City of Puppy Dogs and Sausages (1843); Peperoni (1903)

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Sun Oct 13 02:46:08 UTC 2002


London: John Murray and Son

Pg. 69:
   The _mortadella_, everywhere known as the Bologna sausage, still keeps up
its reputation, and the _cervellato_, or pudding of raisinns and fine
kernels, a favourite dish at the table-d'hotes, is claimed as peculiar to the
   Mr. Beckford has designated Bologna as "a city of puppy dogs and
sausages."  The dogs of Bologna, so celebrated in the middle ages, which
still figure in the city arms, and are alluded to in the epitaph of King
Enzius in the church of S. Domenico, were worthy of more respect than is
implied in the flippant remark: they have unfortunately disappeared, and no
trace of their ancient breed can now be discovered.
(The dogs have all disappeared, and now they have sausages?  Hm...--ed.)

Pg. 249:  _Trattorie._
Pg. 250:  ...trattoria.

Pg. 250:  ...Falcone, near the Pantheon, celebrated for the national dishes
of _trippa_ and _testicciuola_ (lamb's brains fried)...

Pg. 250:  _Cafes._  Nazari, in the Piazza di Spagna, by far the best in Rome,
famous for its chocolate and _poncio spongato_, with an excellent
confectioner's shop adjoining...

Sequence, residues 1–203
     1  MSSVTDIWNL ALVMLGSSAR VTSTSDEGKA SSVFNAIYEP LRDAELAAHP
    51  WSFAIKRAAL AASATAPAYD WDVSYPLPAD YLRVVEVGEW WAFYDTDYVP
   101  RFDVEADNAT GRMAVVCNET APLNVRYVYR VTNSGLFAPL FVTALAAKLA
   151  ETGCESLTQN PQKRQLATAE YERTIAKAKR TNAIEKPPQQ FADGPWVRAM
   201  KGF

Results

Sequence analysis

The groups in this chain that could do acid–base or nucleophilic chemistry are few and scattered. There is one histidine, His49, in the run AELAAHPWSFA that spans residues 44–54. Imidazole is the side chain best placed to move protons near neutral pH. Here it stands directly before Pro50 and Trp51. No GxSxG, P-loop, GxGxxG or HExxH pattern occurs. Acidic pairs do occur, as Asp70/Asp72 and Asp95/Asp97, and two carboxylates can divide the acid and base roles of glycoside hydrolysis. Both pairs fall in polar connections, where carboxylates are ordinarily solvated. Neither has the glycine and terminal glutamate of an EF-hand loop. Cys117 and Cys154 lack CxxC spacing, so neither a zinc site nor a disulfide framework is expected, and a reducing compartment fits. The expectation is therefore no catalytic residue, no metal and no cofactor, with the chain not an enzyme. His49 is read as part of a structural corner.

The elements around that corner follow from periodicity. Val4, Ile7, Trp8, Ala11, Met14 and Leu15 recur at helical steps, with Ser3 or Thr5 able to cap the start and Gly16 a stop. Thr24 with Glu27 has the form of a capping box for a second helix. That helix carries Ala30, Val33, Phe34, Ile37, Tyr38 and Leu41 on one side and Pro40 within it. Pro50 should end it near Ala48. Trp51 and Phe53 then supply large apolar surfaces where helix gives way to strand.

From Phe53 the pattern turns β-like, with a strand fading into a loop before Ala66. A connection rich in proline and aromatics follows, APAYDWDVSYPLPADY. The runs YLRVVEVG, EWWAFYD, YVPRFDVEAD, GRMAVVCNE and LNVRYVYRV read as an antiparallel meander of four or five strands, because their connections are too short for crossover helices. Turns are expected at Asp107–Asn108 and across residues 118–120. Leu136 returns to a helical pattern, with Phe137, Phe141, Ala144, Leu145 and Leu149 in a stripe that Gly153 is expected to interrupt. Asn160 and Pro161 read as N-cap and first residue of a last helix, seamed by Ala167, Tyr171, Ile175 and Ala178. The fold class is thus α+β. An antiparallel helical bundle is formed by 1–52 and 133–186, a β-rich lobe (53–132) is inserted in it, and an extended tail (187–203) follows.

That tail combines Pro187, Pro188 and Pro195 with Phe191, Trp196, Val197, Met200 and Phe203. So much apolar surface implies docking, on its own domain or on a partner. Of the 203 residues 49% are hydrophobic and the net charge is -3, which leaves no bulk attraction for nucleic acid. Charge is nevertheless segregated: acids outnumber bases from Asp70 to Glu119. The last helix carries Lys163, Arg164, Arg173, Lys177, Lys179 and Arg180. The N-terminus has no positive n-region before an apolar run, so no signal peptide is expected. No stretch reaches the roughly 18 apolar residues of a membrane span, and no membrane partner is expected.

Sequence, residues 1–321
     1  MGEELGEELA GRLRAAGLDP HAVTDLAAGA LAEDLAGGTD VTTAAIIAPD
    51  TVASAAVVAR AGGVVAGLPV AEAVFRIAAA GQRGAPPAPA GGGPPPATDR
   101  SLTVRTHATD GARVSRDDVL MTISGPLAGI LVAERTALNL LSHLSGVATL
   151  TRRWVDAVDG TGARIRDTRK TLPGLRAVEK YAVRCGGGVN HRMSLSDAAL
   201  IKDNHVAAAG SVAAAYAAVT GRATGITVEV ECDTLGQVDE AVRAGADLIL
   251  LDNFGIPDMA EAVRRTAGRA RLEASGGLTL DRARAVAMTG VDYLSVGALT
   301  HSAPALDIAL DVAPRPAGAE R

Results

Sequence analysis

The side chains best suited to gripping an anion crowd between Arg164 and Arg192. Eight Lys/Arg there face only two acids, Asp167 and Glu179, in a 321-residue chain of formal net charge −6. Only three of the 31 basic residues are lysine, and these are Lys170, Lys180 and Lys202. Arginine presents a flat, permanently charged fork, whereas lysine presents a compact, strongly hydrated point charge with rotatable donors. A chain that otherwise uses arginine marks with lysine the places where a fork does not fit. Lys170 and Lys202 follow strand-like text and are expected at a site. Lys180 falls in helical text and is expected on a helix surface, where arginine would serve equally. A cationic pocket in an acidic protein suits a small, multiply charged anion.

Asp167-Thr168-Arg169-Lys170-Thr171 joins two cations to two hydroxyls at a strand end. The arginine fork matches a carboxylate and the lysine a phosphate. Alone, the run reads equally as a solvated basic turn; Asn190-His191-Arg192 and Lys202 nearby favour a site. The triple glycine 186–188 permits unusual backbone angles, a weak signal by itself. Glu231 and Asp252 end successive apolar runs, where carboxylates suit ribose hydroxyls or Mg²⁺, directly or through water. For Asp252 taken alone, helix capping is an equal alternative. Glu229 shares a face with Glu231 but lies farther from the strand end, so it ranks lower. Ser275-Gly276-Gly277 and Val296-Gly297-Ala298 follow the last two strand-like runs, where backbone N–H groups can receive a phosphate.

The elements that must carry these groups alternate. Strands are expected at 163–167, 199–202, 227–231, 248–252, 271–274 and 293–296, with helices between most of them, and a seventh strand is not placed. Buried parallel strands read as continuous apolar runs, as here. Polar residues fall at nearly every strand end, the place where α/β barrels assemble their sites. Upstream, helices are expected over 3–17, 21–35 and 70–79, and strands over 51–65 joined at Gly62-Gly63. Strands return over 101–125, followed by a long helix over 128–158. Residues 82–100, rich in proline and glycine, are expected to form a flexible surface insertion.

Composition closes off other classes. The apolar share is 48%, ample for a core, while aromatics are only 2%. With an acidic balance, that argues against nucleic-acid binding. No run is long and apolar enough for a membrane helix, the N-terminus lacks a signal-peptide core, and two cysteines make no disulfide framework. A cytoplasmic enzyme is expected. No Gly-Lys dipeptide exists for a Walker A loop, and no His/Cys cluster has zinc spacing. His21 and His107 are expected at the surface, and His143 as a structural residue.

Merriam-Webster has 1921 for "pepperoni."  OED has 1934.  I had posted a
NEW YORK TRIBUNE citation from December 1903.
   From the NEW YORK TIMES, 7 June 1903, pg. 28:

_Many Uses to Which "A Few Garlics" Are Put by Women of the Mulberry Street
Colony--Many Other Stuffings Which Are Popular Among Foreigners._
   Roast peppers, "Peperoni arrostiti," are also imported from Italy in cans,
20 cents a can for the best.  They come in red and yellow...
   The largest size, commonly used for the dish described, is "macaroni di
zita," down on Mulberry Street, which is dialect for "bride macaroni."
Mezzani and spaghetti come next.  "Lingua di passi," "sparrows' tongues," are
flat like noodles, and "l'assagne" are long ribbons which one sees hung in
front of the little macaroni factories of the quarter to dry, peacefully
absorbing the dust of the street in the process.  Then there are pastina,
little grains like barley, and spaghettini, long and fine, like hay, which
are used in soup.  All sorts of fancy shapes come from Italy, curly, striped,
or in rings.  One kind, shaped like little cups or scoops, they irreverently
dub "priests' ears."  The imported macaroni ranges from 7 cents a pound up to
15 for the fancy varieties.
   The street dainty called "ginney beans" by the New York gamin, is known as
"lupini" to the Italians.  The beans are boiled, kept in water for two or
three days, and sold from the pushcarts of the quarter for a penny a glass.
"Ceci," "potch pease," or "chick peas." are roasted in a pan of sand in the
oven, and sold at a penny for a much smaller glassful.

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